In mathematics, the Riemann Xi function is a variant of the Riemann zeta function, and is defined so as to have a particularly simple functional equation. The function is named in honour of Bernhard Riemann.
Riemann's original lower-case "xi"-function, was renamed with an upper-case (Greek letter "Xi") by Edmund Landau. Landau's lower-case ("xi") is defined as
for . Here denotes the Riemann zeta function and is the Gamma function.
The functional equation (or reflection formula) for Landau's is
Riemann's original function, rebaptised upper-case by Landau, satisfies
and obeys the functional equation
Both functions are entire and purely real for real arguments.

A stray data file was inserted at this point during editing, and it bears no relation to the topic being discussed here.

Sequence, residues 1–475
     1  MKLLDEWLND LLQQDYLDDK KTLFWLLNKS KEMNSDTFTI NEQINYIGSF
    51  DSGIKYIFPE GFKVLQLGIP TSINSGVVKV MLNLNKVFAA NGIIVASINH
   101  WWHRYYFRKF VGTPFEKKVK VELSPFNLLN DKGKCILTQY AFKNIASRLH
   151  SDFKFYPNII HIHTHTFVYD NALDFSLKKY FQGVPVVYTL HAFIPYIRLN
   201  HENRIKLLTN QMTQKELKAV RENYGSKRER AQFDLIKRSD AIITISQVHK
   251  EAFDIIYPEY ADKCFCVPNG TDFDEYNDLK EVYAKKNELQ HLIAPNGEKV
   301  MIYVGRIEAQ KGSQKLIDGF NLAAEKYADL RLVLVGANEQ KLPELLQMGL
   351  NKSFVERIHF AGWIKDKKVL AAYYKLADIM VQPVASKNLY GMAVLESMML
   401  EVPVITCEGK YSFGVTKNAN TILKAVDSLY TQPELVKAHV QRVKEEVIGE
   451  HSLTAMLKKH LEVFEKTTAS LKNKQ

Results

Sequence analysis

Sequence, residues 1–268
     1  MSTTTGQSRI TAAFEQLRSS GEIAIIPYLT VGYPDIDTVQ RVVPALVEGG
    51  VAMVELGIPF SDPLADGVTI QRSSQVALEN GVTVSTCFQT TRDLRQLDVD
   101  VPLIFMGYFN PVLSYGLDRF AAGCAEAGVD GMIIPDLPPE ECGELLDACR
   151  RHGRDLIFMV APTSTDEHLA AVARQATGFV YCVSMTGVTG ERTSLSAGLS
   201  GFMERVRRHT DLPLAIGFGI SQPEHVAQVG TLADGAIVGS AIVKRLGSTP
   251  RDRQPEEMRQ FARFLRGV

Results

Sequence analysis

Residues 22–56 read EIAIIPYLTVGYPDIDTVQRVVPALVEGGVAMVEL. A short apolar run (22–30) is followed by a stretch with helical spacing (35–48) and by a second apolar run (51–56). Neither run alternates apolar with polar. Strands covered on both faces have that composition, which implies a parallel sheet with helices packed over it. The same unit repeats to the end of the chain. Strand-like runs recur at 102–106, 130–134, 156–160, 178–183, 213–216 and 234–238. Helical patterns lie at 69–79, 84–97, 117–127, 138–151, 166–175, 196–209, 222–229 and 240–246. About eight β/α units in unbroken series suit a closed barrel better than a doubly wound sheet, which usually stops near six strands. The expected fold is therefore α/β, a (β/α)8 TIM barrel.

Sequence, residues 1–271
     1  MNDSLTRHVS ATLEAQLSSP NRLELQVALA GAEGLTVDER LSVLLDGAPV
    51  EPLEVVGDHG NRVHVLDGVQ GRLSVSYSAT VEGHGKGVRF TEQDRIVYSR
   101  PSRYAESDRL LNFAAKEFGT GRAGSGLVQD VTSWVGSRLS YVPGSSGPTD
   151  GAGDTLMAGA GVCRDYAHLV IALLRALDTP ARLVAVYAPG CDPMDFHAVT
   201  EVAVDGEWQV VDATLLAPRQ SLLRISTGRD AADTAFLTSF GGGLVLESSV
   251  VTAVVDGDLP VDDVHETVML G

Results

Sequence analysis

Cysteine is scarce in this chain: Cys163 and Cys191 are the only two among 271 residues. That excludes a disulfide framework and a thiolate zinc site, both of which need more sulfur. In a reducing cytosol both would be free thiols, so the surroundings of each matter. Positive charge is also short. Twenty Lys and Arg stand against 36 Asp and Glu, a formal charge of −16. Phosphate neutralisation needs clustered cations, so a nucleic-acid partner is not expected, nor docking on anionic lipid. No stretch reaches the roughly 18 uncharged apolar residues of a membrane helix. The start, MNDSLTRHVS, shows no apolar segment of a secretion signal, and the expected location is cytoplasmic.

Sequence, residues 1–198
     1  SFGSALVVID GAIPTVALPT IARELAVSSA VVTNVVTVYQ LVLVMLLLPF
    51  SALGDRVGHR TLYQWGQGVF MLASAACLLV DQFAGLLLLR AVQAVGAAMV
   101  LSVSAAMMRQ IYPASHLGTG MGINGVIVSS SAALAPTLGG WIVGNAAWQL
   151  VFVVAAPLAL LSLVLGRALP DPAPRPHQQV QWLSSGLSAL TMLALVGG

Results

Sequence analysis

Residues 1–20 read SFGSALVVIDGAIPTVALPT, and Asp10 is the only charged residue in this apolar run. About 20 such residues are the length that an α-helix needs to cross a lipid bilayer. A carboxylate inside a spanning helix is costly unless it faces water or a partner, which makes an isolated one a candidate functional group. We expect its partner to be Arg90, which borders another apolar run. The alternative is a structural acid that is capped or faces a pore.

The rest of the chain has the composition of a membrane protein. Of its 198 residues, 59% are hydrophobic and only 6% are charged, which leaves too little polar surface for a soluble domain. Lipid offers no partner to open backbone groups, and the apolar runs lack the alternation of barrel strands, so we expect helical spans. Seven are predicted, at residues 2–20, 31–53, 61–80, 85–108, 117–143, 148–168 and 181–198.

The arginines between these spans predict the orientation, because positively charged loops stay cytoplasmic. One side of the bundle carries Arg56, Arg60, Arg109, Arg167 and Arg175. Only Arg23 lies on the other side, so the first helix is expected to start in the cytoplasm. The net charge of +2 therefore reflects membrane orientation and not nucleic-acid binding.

The general form for positive even integers is
where Bn denotes the n-th Bernoulli number. For example:
The function has the series expansion
where the sum extends over ρ, the non-trivial zeros of the zeta function, in order of .
This expansion plays a particularly important role in Li's criterion, which states that the Riemann hypothesis is equivalent to having λn > 0 for all positive n.
A simple infinite product expansion is
where ρ ranges over the roots of ξ.
To ensure convergence in the expansion, the product should be taken over "matching pairs" of zeroes, i.e., the factors for a pair of zeroes of the form ρ and 1−ρ should be grouped together.
- ^ a b Landau, Edmund (1974) . Handbuch der Lehre von der Verteilung der Primzahlen [Handbook of the Study of Distribution of the Prime Numbers] (Third ed.). New York: Chelsea. §70-71 and page 894.
This article incorporates material from Riemann Ξ function on PlanetMath, which is licensed under the Creative Commons Attribution/Share-Alike License.